The Circulatory System, the Heart, and Blood - Blood and our internal fluid environment
What makes this fairly rudimentary collection of plumbing so absolutely indispensable to life is the fluid it pumps—blood. If any part of the body—cell, tissue, or major organ—is denied circulating blood and the substances it carries with it for longer than a few minutes, that part will fail. It is the job of the heart and the blood vessels to get blood to all the body's far-flung tissues, where it both picks up and deposits substances.
Blood is really a kind of fluid tissue. About 80 percent of its volume is water, and blood's indispensable, life-sustaining power is owed in great part to its watery base, which permits it both to flow and to take up and carry materials in solution. All our tissues and organs have a kind of give-and-take arrangement with the circulating blood.
Carrier of Oxygen
Perhaps the most critical of these give-and-take transactions occurs in the lungs; it is this transaction that if interrupted by heartbeat stoppage for more than a few minutes causes death by oxygen starvation of vital tissues. Before a unit of blood is pumped out by the heart to the body, it picks up in the lungs the oxygen that we have inhaled and which every cell in the body needs to function. The blood then transports the oxygen, delivering it to other parts of the body. By the time a given unit of blood has made a tour of the blood vessels and returned to the lungs, it has given up most of its oxygen and is laden instead with carbon dioxide, the principal waste product of living processes. The venous blood releases its carbon dioxide, to be exhaled by the lungs.
Distributor of Nutrients
Food, or more accurately the nutrient molecules needed by cells, are also transported throughout the body by the blood. In the digestive tract, food is broken down into tiny submicroscopic pieces that can pass through the tract's walls (mainly along the small intestine) and be picked up by the blood for distribution around the body.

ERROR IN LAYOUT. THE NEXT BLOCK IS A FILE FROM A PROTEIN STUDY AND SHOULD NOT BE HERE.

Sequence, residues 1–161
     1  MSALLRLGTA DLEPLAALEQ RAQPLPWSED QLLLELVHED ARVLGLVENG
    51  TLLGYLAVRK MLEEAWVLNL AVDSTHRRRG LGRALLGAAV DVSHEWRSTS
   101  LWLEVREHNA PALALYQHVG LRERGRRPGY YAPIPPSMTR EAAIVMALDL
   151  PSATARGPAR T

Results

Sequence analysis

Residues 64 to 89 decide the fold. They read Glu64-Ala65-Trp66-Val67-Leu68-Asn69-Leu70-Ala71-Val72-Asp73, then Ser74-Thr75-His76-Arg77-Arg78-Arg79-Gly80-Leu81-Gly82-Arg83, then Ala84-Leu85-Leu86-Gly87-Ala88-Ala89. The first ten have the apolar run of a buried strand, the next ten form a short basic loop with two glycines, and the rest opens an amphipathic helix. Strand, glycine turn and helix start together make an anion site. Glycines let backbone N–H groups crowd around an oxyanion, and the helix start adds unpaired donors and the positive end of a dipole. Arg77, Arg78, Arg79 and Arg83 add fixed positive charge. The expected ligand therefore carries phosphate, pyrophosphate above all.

One of the specialized, small-volume transportation jobs handled by the blood is to pick up hormones from the endocrine glands and present these chemical messengers to the organs they affect.
Composition of Blood
Blood is a distinctive and recognizable type of tissue, but this does not mean it is a stable, uniform substance with a fixed proportion of ingredients. Quite the opposite is true; its composition is ever changing in response to the demands of other body systems. Other organs are constantly pouring substances into the blood, or removing things from it. Blood in one part of the body at a given moment may be vastly different in chemical makeup from blood in another part of the body.
Despite its changing makeup, blood does have certain basic components. A sample of blood left to stand for an hour or so separates into a clear, watery fluid with a yellowish tinge and a darker, more solid clump. The clear yellow liquid is called plasma , and accounts for about 55 percent of the volume of normal blood. The darker clump is made up mainly of the blood's most conspicuous and populous inhabitants, the red cells that give blood its color.
It is the plasma that enables our blood to carry out most of the transportation tasks assigned it. Being over 90 percent water, the plasma has water's property of being able to carry substances both in solution and in suspension. (A substance in solution is one, like salt, that must be removed from water by chemical or physical action, such as boiling; while a substance in suspension—such as red blood cells within whole blood in a standing test tube—separates out more readily, particularly when its watery carrier has been contained and its flow stilled.)
Red Blood Cells
Red blood cells (or erythrocytes ) numbering in the trillions are carried in suspension by the plasma. In turn, the red blood cells carry the single most important substance needed by the body's cells—oxygen. For such an important task, the red blood cell looks hardly adequate. As it matures, this cell loses its nucleus. Lacking a nucleus, it is sometimes not even called a cell but a red blood corpuscle . What gives red blood cells their special oxygen-carrying ability, and also their color, is their possession of a complex iron-protein substance called hemoglobin .